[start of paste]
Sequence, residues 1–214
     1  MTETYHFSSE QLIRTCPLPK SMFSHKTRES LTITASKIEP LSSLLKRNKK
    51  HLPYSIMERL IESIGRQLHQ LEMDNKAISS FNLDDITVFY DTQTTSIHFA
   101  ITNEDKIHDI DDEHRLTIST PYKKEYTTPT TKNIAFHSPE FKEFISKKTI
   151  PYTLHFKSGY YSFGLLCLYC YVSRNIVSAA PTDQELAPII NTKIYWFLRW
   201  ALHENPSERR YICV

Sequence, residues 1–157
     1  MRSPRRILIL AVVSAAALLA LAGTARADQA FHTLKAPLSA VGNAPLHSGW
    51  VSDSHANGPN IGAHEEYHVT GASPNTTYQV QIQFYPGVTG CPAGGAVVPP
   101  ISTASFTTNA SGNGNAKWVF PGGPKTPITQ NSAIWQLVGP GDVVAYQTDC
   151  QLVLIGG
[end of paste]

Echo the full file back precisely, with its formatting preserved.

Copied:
Sequence, residues 1–214
     1  MTETYHFSSE QLIRTCPLPK SMFSHKTRES LTITASKIEP LSSLLKRNKK
    51  HLPYSIMERL IESIGRQLHQ LEMDNKAISS FNLDDITVFY DTQTTSIHFA
   101  ITNEDKIHDI DDEHRLTIST PYKKEYTTPT TKNIAFHSPE FKEFISKKTI
   151  PYTLHFKSGY YSFGLLCLYC YVSRNIVSAA PTDQELAPII NTKIYWFLRW
   201  ALHENPSERR YICV

Sequence, residues 1–157
     1  MRSPRRILIL AVVSAAALLA LAGTARADQA FHTLKAPLSA VGNAPLHSGW
    51  VSDSHANGPN IGAHEEYHVT GASPNTTYQV QIQFYPGVTG CPAGGAVVPP
   101  ISTASFTTNA SGNGNAKWVF PGGPKTPITQ NSAIWQLVGP GDVVAYQTDC
   151  QLVLIGG